GEORGE FRIDERIC HANDEL 1685-1759

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George Frideric (or Frederick) Handel (1685 -1759) was a British and German Baroque composer who spent the bulk of his career in London, becoming well known for his operas, oratorios, anthems, and organ concertos.

Born in the German town of Halle in 1685, Handel studied briefly at the University of Halle, before moving to Hamburg in 1703, where he served as a violinist in the opera orchestra and subsequently as harpsichordist and composer.

Handel began his own operatic career with Almira (1704), which ran for some twenty performances. After several more successes, he sought richer operatic experience and left for Italy in 1706. His Italian journey resulted in two fine operas, Rodrigo (1707) and Agrippina (1709), several dramatic chamber works, and equally dramatic sacred compositions. In 1710, Handel became Kapellmeister to German prince George, the Elector of Hanover, who in 1714 would become King George I of Great Britain and Ireland. A meeting with the manager of the King’s Theatre furnished Handel with a chance to compose an opera. Within two weeks he produced the opera Rinaldo, which marked the high point of the London season in 1710 and 1711.  

He proceeded to compose a large amount of music for harpsichord, chamber ensembles, and orchestra, as well as various works for royal occasions.

"Portrait of  George Frideric Handel"

Author Rinat Kuramshin

Handel’s compositions so impressed England’s Queen Anne (1665–1714) that she awarded him an annual salary of two hundred pounds. After Anne’s death, George I (1660–1727) became king of England.

In 1715 Handel provided music for a royal pleasure cruise for the King - the famous Water Music. In 1719 Handel accepted an invitation to join forces with the newly founded Royal Academy of Music.

In 1726 Handel became a citizen of England and was appointed composer of music to the Chapel Royal. The season of 1727 saw the production of Handel’s Alessandro.

Within fifteen years, Handel had started three commercial opera companies to supply the English nobility with Italian opera. Musicologist Winton Dean writes that his operas show that «Handel was not only a great composer; he was a dramatic genius of the first order». As Alexander’s Feast (1736) was well received, Handel made a transition to English choral works. After his success with Messiah (1742) he never composed an Italian opera again. Handel’s ultimate failure with operas was offset by ever-increasing success with his oratorios. These provided a new vehicle, the possibilities of which he had begun to explore and experiment with nearly a decade earlier. Indeed these established a new vogue (fashion), in which Handel fared better with London audiences than he ever had with Italian opera. As if to test a possible market for dramatic compositions in English, Handel revived past operas with revisions to the oratorio style, meeting with much success.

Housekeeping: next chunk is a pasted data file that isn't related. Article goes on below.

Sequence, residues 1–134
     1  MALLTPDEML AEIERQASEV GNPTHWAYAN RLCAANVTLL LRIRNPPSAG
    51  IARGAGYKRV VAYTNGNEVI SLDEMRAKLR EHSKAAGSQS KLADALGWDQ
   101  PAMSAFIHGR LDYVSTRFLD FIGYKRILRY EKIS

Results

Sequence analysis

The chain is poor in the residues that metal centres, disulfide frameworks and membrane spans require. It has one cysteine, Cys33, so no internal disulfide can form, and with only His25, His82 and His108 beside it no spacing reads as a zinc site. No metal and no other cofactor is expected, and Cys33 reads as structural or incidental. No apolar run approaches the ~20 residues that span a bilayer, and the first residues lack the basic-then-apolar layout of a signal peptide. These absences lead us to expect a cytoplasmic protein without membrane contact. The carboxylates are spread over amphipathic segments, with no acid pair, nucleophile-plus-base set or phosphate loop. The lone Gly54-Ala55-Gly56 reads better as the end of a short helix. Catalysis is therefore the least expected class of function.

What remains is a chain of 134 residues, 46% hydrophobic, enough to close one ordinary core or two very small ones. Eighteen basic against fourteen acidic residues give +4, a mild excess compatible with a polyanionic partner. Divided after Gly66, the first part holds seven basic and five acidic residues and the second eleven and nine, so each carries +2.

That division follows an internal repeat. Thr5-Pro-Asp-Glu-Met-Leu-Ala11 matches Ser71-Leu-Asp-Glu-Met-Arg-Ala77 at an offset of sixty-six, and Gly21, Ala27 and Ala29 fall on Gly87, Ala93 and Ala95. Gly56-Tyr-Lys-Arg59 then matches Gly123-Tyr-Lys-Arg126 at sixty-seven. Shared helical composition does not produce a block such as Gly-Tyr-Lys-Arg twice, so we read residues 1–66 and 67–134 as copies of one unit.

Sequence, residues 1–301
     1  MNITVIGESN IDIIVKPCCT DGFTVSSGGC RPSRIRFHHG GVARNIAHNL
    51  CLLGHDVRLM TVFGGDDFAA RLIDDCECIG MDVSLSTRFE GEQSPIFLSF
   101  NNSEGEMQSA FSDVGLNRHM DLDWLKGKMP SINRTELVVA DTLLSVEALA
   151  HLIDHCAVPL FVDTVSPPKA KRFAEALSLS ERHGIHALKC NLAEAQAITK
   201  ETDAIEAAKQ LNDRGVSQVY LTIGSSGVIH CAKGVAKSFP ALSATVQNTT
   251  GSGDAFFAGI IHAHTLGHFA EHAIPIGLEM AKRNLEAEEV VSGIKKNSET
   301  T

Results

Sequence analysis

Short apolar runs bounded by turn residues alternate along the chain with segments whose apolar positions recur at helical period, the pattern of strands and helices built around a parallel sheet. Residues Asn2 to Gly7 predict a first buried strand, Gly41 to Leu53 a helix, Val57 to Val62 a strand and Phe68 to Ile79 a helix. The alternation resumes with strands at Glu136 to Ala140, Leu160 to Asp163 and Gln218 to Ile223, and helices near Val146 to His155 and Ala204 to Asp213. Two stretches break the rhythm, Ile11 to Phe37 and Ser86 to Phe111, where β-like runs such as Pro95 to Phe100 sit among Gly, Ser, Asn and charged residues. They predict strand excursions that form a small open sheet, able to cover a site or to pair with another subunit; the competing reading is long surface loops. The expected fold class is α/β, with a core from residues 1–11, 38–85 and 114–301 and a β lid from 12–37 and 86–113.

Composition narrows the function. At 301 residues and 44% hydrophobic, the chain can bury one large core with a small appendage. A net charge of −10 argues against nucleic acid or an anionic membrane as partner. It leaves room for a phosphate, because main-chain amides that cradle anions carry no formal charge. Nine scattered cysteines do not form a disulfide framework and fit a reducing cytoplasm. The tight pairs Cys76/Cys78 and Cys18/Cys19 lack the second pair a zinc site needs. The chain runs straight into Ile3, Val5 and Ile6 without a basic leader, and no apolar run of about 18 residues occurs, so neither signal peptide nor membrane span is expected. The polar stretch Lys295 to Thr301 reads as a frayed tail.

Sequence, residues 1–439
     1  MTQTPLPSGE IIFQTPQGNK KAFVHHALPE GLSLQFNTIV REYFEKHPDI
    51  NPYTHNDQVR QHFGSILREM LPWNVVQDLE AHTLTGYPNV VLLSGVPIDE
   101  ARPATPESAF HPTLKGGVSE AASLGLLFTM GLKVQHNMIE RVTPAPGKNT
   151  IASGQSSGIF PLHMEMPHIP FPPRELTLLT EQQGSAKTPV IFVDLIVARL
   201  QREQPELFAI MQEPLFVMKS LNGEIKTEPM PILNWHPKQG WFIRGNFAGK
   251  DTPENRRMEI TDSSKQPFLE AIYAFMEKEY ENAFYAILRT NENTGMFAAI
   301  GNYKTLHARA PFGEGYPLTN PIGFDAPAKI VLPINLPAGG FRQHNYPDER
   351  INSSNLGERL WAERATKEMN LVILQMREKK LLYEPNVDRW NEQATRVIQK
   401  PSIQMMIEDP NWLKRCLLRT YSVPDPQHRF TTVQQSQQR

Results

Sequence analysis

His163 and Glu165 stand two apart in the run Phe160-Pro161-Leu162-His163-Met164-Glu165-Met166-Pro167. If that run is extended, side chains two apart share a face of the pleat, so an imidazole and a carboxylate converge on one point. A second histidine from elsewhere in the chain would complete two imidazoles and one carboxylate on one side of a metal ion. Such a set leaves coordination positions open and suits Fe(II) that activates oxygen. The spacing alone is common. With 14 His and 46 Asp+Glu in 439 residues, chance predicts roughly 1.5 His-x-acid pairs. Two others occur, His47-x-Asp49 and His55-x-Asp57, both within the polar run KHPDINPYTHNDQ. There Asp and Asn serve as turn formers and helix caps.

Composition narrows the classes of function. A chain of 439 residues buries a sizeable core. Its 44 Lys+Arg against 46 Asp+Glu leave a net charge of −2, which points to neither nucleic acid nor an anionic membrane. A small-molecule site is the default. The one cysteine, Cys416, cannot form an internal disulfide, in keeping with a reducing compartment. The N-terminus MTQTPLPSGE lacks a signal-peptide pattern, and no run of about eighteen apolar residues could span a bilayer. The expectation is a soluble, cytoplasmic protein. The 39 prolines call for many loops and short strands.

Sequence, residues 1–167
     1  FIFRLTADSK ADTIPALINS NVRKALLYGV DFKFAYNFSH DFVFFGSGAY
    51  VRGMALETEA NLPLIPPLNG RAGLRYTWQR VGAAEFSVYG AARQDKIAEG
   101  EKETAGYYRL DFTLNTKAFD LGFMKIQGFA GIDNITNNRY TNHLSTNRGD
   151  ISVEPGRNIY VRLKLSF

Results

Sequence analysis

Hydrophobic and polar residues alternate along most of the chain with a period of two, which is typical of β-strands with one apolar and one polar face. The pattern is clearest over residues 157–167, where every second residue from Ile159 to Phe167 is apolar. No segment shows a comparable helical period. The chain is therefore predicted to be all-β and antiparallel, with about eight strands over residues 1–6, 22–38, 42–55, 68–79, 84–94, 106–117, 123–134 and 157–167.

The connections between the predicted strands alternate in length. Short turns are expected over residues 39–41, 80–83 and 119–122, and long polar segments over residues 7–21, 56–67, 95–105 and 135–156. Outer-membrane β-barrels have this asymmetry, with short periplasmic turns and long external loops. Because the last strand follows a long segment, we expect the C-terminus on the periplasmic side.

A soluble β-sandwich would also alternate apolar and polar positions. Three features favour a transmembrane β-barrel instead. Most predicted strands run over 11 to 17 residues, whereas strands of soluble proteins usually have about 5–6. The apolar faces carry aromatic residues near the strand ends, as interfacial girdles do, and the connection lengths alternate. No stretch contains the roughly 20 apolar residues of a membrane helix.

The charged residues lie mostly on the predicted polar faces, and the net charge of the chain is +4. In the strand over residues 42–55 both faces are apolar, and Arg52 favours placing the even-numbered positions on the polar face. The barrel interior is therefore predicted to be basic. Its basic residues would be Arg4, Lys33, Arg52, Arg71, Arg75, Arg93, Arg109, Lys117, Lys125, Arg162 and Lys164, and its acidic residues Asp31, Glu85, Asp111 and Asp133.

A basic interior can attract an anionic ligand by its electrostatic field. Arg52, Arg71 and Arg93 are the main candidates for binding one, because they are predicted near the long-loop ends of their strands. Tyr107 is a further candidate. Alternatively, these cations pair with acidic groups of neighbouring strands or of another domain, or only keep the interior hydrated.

Interior of the Covent Garden Theatre

in London

Handel House at 25 Brook Street, Mayfair, London

Handel (centre) and King George Ion the River Thames, 17 July 1717, by E.Hamman (1819-1888)

The Queen’s Theatre in the Haymarket in London by William
Capon

Born the same year as Johann Sebastian Bach and Domenico Scarlatti, Handel is regarded as one of the greatest composers of the Baroque era, with works such as Messiah, Water Music, and Music for the Royal Fireworks remaining steadfastly popular. One of his four coronation anthems, Zadok the Priest (1727), composed for the coronation of George II, has been performed at every subsequent British coronation, traditionally during the sovereign’s anointing. Another of his English oratorios, Solomon (1748), has also remained popular, with the Sinfonia that opens act 3 (known more commonly as «The Arrival of the Queen of Sheba») featuring at the 2012 London Olympics opening ceremony.

Handel’s compositions include 42 operas, 29 oratorios, more than 120 cantatas, trios and duets, numerous arias, chamber music, a large number of ecumenical pieces, odes and serenatas, and 16 organ concerti. His most famous work, the oratorio Messiah with its «Hallelujah» chorus, is among the most popular works in choral music and has become the centrepiece of the Christmas season.

Among the works with opus numbers published and popularised in his lifetime are the Organ Concertos Op. 4 and Op. 7, together with the Opus 3 and Opus 6 concerti grossi; the latter incorporate an earlier organ concerto The Cuckoo and the Nightingale in which birdsong is imitated in the upper registers of the organ. Also notable are his sixteen keyboard suites, especially The Harmonious Blacksmith.

Since the late 1960s, with the revival of baroque music and historically informed musical performance, interest in Handel’s operas has grown.

Handel has generally been accorded high esteem by fellow composers, both in his own time and since. Bach attempted, unsuccessfully, to meet Handel while he was visiting Halle. Mozart is reputed to have said of him, «Handel understands affect better than any of us. When he chooses, he strikes like a thunder bolt.» To Beethoven he was «the master of us all... the greatest composer that ever lived. I would uncover my head and kneel before his tomb.

Almost blind, and having lived in England for nearly fifty years, he died in 1759, a respected and rich man. His funeral was given full state honours, and he was buried in Westminster Abbey in London. After Handel’s death, many composers wrote works based on or inspired by his music.